The University of South Dakota’s Student Government Association met Oct. 9 and discussed student interaction with athletic programs, specifically student retention at football games.
Lindsay Sparks, assistant director of Student Life, wanted answers on why so many students clear out of the DakotaDome at halftime at football games.
Last year, after a survey, more songs were played during games. However, Sparks said that many older fans complain about the number of songs played during games.
Senator Laine Greblunas said that an extreme score may be a reason why many students leave the football games early.
“One of the things a lot of people have said, it goes on how the game is going, also,” Greblunas said. “A lot of the times at the games it is either a blowout on either side. [A team is] either losing by a lot of points, or winning by a lot of points. It’s not as fun because of that big point difference.”
At the Dakota Days game this year, a new policy was implemented where students had to pick up their ticket to the football game before the day of the actual game in order to guarantee a seat. However, even students with a ticket who arrived later in the game were turned away from the student section.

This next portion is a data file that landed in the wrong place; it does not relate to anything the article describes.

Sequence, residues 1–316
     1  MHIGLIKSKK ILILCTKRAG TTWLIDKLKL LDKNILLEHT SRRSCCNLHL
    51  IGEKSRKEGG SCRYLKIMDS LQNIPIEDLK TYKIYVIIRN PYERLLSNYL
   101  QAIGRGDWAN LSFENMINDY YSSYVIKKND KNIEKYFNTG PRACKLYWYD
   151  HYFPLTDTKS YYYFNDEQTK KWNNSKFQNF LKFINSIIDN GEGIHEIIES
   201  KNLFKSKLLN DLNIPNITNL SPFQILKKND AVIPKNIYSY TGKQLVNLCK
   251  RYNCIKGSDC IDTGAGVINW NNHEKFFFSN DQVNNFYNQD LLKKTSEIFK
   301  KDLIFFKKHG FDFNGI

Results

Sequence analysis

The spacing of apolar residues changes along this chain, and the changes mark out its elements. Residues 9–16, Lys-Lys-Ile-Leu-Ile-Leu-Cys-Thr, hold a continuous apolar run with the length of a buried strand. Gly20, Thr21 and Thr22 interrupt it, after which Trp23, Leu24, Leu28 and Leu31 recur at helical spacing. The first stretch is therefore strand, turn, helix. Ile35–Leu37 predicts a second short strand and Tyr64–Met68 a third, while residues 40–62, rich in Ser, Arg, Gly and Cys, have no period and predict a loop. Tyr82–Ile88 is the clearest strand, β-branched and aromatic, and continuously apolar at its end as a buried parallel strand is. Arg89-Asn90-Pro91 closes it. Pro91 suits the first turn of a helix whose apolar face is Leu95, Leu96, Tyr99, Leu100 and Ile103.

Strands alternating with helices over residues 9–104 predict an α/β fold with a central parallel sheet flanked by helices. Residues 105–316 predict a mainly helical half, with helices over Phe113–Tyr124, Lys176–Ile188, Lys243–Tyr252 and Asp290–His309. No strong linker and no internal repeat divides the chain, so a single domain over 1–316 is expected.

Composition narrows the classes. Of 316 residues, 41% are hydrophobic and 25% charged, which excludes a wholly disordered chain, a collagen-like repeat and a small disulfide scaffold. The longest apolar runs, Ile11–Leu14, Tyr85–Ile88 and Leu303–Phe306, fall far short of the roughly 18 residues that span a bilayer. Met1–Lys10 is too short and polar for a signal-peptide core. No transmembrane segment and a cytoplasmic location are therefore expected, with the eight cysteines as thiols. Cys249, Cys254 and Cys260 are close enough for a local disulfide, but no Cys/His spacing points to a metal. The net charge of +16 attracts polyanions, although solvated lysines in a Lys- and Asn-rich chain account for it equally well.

“Maybe make it so that if you have a ticket, you can get in the student section no matter what, as long as there is room,” said junior senator Lexy Schuman.
Sophomore office manager Brooke Horner suggested students may leave because they have to stand during the games.
“I sat in overflow seating. I don’t like standing, I’d rather sit there. We could always have that option,” Horner said.
Horner also said that in the overflow seating not only was it more comfortable, but it was easier for her to see the
Alcohol consumption has been listed as a reason why many students leave the games early, especially during the Dakota Days game.
“We can’t sell alcohol at the games since we own the Dome,” Sparks said. “Yes, we know that is a huge issue, our hands are tied with how the Dome is owned.”
Other suggestions included having the marching band learn and perform more songs, along with increased attention on tailgating.
“I’m from Nebraska. I’ve been going to Nebraska games…and tailgating was huge in Nebraska,” Greblunas said. “When I come up here, I don’t feel that.”
Greblunas suggested brining in businesses and making the tailgating area larger in order to increase community involvement with football games.